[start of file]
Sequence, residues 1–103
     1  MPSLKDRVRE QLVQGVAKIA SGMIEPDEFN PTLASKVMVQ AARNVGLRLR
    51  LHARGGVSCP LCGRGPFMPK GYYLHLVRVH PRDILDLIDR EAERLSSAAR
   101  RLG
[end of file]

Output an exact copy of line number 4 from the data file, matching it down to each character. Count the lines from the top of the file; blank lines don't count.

   101  RLG